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The more time passes, the starker the light thrown on a release like this. This is a point that can't be emphasized enough when it comes to something like the stride piano style and Delmark deserves high praise indeed for putting in the work necessary to get this music out there.
Smith was arguably the greatest stride exponent, but it would be a little misleading to suggest that Ewell was a relative acolyte, especially in view of the fact that as duettists they dovetail to such a degree that it's impossible to tell where one man's input ends and the other man's begins. "Sweet Georgia Brown" is a case in point, and not merely because the two men manage to make it sound like anything but the hackneyed ditty that it is.
Any joy of life implicit in that one is more than obvious in the medley of "Linger Awhile/Shine" where Smith's vocal is the epitome of that joy. Indeed throughout this program it's clear that he was intent on living up to some larger than life persona, and he does it with such relish that the listener would have to have a heart of stone not to get caught up in it.
Even when the mood is relatively tranquil, as it unsurprisingly is on "If I Could Be With You," there's still that spirit born only of life lived to the full and without a care for tomorrow. In a sense, of course, this throws up a problem in so far as that joy referred to above seems to be the preserve of the world from which Smith in particular came. "I Found A New Baby" makes the point in no uncertain terms, especially as even the straightforward reading of the melody seems simultaneously to be subjected to a variety of dissection.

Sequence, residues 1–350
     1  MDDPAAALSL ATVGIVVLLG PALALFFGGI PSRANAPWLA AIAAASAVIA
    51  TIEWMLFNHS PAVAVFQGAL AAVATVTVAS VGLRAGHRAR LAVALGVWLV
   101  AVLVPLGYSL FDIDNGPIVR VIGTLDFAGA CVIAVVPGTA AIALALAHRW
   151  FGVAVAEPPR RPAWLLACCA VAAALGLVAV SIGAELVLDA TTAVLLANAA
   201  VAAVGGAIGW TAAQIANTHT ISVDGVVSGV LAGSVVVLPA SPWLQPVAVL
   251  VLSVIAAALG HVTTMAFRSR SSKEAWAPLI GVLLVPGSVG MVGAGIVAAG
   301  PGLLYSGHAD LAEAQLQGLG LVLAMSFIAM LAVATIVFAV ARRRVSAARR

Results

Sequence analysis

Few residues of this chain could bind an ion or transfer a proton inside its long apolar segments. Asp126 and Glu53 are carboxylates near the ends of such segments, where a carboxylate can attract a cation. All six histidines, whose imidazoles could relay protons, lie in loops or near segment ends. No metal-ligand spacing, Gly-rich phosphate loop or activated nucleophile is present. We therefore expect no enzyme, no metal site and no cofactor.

Smith is alone on "Here Comes The Band," a title which in the circumstances may or may not be ironic. Being the character that he is, he makes the most of it regardless of such issues. Again the life is singular and the depth of it is never in any doubt. It's good for what ails you, but then when the likes of Smith and Ewell are at the helm it couldn't possibly be any other way.
Track Listing: Relaxin'; Blue Skies; I Found A New Baby; Tea For Two; Charleston; You're Driving Me Crazy; Here Comes The Band; Sweet Georgia Brown; Georgia On My Mind; Linger Awhile/Shine; If I Could Be With You; Just You, Just Me; Squeeze Me; Twelfth Street Rag.
Personnel: Willie "The Lion" Smith: piano, vocals (10, 11) Don Ewell: piano.
I grew up listening to mainstream '70s rock then ended up on the staff at the college paper at San Diego State, and volunteered to review heavy metal LPs. My second semester, the music editor dropped a Fenton Robinson LP on my desk, Night Flight. You like metal; they play guitar--he plays guitar, the editor told me
I grew up listening to mainstream '70s rock then ended up on the staff at the college paper at San Diego State, and volunteered to review heavy metal LPs. My second semester, the music editor dropped a Fenton Robinson LP on my desk, Night Flight. You like metal; they play guitar--he plays guitar, the editor told me. If we don't run a review, Alligator Records is going to stop servicing us.
Night Flight opened up a whole new world for me--the blues led me, inevitably, to Basie, who led to Duke, who led to Mingus, who led to Miles, who led to ...